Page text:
SHANGHAI, July 15 (Reuters) – China’s central bank partially rolled over medium-term loans maturing on Thursday, the same day a reduction in bank reserve requirements goes into effect.
The People’s Bank of China (PBOC) said in a statement that it is keeping the interest rate on 100 billion yuan ($ 15.46 billion) of one-year medium-term loans (MLF) granted to certain institutions. financials at 2.95% compared to the previous operations.
The new cash injection did not cover all maturing MLF loans worth 400 billion yuan due on the same day.
The PBOC said the cash injection was aimed at “keeping the banking system’s liquidity reasonably abundant,” as many institutions still had a demand for medium and long-term liquidity in the middle of the tax payment season, according to one. online press release.
Last week, the PBOC reduced the amount of liquidity banks are required to hold as reserves, freeing up about 1 trillion yuan in long-term liquidity to support China’s post-COVID economic recovery, which is starting to run out of steam. .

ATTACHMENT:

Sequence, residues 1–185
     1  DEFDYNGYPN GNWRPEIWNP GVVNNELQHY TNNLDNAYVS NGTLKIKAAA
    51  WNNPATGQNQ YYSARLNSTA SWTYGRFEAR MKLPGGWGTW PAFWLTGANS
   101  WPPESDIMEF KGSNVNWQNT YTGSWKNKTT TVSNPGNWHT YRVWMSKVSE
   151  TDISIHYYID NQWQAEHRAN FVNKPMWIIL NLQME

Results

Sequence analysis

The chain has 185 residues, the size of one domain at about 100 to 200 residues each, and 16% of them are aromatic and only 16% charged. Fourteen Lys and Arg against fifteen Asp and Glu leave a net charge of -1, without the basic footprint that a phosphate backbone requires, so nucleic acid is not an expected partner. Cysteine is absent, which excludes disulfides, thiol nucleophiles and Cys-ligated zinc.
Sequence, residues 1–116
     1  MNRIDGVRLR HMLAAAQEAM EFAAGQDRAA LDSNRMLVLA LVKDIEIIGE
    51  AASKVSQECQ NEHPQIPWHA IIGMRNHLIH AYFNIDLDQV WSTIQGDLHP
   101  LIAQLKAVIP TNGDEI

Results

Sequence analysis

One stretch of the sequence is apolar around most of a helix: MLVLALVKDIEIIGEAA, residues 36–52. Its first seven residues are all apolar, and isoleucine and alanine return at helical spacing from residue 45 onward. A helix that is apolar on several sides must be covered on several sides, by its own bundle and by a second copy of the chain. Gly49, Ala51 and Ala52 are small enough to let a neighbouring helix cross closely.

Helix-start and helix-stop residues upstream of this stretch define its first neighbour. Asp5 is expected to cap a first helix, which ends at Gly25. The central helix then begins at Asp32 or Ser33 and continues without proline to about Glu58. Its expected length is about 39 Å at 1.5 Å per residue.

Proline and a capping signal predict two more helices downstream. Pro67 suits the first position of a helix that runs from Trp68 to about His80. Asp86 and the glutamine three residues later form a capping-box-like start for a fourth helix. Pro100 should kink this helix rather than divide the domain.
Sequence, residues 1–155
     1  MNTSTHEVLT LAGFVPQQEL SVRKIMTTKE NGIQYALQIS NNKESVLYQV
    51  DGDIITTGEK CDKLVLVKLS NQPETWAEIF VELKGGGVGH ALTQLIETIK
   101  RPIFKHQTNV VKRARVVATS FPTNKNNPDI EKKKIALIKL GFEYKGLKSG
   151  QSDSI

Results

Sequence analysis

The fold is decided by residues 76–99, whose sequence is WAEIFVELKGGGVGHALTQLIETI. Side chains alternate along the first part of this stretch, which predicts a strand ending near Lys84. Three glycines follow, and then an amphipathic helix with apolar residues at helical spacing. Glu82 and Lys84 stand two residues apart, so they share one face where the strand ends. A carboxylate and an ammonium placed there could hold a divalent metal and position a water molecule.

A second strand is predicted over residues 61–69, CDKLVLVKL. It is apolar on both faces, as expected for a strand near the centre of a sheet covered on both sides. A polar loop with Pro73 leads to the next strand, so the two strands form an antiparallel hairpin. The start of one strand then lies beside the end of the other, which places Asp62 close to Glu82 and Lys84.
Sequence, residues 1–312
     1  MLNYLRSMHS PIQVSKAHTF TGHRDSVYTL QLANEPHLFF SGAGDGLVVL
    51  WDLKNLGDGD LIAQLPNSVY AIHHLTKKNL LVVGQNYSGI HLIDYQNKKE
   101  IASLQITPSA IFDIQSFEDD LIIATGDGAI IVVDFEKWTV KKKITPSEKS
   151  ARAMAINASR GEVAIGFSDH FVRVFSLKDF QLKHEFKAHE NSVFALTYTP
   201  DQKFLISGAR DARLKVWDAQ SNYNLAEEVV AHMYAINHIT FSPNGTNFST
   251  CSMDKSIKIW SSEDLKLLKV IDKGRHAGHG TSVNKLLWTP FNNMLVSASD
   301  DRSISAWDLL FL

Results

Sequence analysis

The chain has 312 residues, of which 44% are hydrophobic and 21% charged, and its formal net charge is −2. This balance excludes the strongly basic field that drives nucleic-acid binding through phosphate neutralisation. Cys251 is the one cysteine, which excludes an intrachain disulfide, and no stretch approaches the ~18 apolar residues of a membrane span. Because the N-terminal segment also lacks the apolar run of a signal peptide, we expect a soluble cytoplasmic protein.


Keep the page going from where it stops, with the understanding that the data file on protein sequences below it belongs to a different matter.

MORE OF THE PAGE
Compared to the long-term low cost of funds from RRR cuts, MLF loans are rather expensive, and a total of 3.75 trillion yuan of such MLF loans is expected to expire by the end of the year.
The PBOC had said in the decision to cut the RRR that it would release some of the cash to help financial institutions repay maturing MLF loans, but did not specify any of the details in Thursday’s statement.
However, China’s surprise decision to cut the RRR has fueled speculation about further monetary easing to support the economy. Some market watchers say a cut in the country’s benchmark prime lending rate could be the next step, possibly as early as next week. Read more
“Overall, we expect Beijing’s policies to carefully manage the competing priorities of limiting carbon emissions, capping gains on commodity prices and while prolonging the economic recovery,” said Eugenia Victorino, Head of Asia Strategy at SEB, earlier this week.
In the same statement, the PBOC said it injected an additional 10 billion yuan of seven-day reverse repurchases into the financial system, offsetting the same amount of those loans due on the same day.
($ 1 = 6.4688 Chinese yuan)
Reporting by Winni Zhou and Andrew Galbraith; Editing by Jacqueline Wong and Kim Coghill
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